Tributes have been paid to a ‘hugely valued and dedicated’ paramedic who has died from coronavirus.
Tony Chadbourne worked in the ambulance service in both Nottinghamshire and Lincolnshire Divisions for 23 years.
Tribute from Chad’s family
As a family we are absolutely devastated at the loss of our beloved Tony. Everyone who knew him knows he had three major loves in his life: his family and friends; football – travelling to watch Nottingham Forest and England at home and abroad; and his role as a Paramedic.
Tony was without doubt an NHS hero who dedicated his life to his career. As he rose up through the ranks nothing was too much trouble for Tony whose huge heart meant he went above and beyond for his patients, colleagues and friends. He cared deeply for his colleagues who were also some of his best friends – his work family.
Tony was humble to the core; only after the event would we hear about the lives he’d saved, the babies he’d delivered and the absolute commitment he gave to the frontline during 23 years of service.
He was an NHS hero but he was our hero. Our rock. Our beloved son, brother, uncle and friend. Tony has left behind a heart broken family who loved him beyond words. Tony was proud to be part of an extended Polish family and he will be dearly missed by Mimi, Marysia, Darek and all his family in Poland.
The whole family would like to give thanks to all the incredible staff at EMAS, Queen’s Medical Centre and Nottingham City Hospital who cared for Tony and fought so hard to try to save him. We now politely request to be left in peace to grieve and remember Tony for the fun-loving, caring, brave man who was so loved by so many.
Forever in our hearts.
With love from Mum, Martyn, Kate, Oliver, Ann, Iain and Matt.
Richard Henderson, East Midlands Ambulance Service Chief Executive said:
“Losing Chad is incredibly sad, and it’s difficult to find the words to express how colleagues across the service will be feeling as they hear this devastating news.
“My thoughts are with Chad’s family, and his close colleagues and good friends, many of whom will be at work today and over the coming weeks; continuing to provide emergency and urgent care for those who need it.
“The family have consented to the release of this tragic news; however, they do not wish to take part in media interviews and have asked that their right to privacy at this very difficult time is respected. I ask too that my colleagues are respectfully left to grieve in privacy.”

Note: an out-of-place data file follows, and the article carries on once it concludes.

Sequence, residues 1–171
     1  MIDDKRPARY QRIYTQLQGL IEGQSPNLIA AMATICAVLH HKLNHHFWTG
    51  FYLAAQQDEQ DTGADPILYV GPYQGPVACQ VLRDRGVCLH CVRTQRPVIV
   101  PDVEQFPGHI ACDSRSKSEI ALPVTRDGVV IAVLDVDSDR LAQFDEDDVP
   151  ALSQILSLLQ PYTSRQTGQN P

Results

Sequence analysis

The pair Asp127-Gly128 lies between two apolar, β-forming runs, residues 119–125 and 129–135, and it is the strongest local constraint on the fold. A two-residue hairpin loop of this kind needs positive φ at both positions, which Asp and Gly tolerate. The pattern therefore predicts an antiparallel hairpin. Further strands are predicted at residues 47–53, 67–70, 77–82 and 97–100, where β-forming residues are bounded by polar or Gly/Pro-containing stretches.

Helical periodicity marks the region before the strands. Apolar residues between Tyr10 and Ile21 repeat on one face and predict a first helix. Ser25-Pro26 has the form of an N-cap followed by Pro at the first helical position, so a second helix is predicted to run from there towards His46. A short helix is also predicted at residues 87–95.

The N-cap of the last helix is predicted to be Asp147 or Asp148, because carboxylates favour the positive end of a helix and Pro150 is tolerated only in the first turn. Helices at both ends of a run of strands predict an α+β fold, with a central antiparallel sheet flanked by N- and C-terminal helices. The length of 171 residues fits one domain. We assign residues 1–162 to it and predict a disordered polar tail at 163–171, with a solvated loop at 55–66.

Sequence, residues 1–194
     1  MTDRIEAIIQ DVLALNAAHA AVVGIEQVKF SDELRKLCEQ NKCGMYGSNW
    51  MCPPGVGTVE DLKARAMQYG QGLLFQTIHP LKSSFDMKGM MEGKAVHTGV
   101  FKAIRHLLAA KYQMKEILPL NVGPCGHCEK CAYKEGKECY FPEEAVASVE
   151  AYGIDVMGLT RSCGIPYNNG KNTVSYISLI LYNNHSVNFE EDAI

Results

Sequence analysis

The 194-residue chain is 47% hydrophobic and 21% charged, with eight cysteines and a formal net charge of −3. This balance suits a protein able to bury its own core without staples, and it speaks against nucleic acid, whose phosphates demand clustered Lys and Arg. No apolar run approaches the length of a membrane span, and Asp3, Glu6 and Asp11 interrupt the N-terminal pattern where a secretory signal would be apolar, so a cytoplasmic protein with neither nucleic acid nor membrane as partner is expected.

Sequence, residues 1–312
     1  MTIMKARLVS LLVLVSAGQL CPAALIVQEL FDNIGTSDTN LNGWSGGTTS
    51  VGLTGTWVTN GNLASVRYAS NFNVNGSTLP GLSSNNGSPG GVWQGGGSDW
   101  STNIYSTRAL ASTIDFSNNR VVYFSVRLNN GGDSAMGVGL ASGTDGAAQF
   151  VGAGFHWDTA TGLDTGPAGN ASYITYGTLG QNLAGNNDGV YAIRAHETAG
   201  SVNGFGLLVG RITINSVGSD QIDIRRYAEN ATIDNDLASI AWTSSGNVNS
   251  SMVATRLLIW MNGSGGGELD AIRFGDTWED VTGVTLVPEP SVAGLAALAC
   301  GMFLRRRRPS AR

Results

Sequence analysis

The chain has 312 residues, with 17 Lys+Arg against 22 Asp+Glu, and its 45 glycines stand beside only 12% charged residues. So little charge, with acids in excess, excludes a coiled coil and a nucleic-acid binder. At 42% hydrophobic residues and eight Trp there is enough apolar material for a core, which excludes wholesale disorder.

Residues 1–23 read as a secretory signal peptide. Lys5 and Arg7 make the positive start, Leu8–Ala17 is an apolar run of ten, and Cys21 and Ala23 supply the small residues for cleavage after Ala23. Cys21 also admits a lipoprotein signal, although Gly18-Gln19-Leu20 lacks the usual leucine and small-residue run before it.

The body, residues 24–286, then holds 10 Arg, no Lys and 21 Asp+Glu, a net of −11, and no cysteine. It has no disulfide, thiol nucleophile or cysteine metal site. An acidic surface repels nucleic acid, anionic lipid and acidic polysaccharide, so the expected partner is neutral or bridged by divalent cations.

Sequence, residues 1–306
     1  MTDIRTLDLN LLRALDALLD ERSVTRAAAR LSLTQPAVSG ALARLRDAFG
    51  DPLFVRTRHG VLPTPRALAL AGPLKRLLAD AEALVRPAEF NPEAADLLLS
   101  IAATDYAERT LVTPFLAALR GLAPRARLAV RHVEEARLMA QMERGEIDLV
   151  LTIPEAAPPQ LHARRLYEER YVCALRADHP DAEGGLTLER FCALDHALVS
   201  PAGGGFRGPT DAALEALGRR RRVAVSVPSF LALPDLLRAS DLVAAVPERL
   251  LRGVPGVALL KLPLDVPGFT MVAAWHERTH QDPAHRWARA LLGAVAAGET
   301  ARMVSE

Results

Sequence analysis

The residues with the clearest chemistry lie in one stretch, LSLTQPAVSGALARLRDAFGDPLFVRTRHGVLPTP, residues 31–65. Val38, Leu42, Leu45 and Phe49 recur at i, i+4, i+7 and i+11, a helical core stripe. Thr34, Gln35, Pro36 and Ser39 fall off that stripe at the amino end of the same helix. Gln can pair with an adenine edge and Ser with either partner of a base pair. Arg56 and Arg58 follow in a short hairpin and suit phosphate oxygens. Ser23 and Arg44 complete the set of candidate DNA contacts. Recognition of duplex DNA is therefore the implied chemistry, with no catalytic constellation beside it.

Greg Cox, East Midlands Ambulance Service Nottinghamshire General Manager said:
“Tony (Chad) was a valued and highly regarded member of our team here in Nottinghamshire and his loss will be felt very deeply by us all.
“He touched so many of us in such an unassuming way; a character in his own style but a person who would always consider the thoughts and feelings of others and he cared deeply about his chosen profession.
“A kind and sensitive man with a dry sense of humour. He was respected by all his colleagues who knew he had a stoic determination to help all the patients he served as well as supporting the people he worked with. He will be sorely missed but never forgotten.”
Alastair Smith, EMAS colleague and friend, said:
“Tony ‘Chad’ loved his job and was an excellent Paramedic and Manager. His greatest strength as a Manager was the support he extended to all his colleagues. Nothing was ever too much trouble for Chad and he would often stay after his working hours, to the detriment of his own personal plans, to ensure that his colleagues received the highest level of support possible.
“The heart-breaking news of Chad’s death whilst impacting us all across EMAS, is devastating for his family who have lost their rock. Whilst I know his mum and brother are distraught they are both immensely proud of Tony’s achievements, especially his recent promotion.
“Chad is infamous across Nottinghamshire for an incident he had with a train back in February 2019. Chad was dispatched to Newark train station and after assessing the patient at scene and determining they did not need to attend hospital, Chad helpfully assisted the patient back onto the train. Chad then described his moment of panic when another passenger blocked his exit and soon enough the train was departing Newark station for London, leaving his kit on the platform. In his panic he considered pulling the emergency stop cord, so he could exit the train but instead begged the conductor to make an emergency stop at Grantham station before catching the next train home.
"I will never forget the giggles that came from Chad when he told me he was currently stuck in Grantham and the number of phone calls and messages I received from his colleagues informing me of his mishap. His colleagues at Newark have never allowed him to forget this incident and ensured his office was always kept up to date with the latest train timetables.
“Whilst the story itself has made many laugh and will continue to make people smile, it is fundamentally his loving and caring nature to help anyone that caused this.
“Chad leaves a huge hole in mine and many others lives and he will be truly missed by all that knew him.”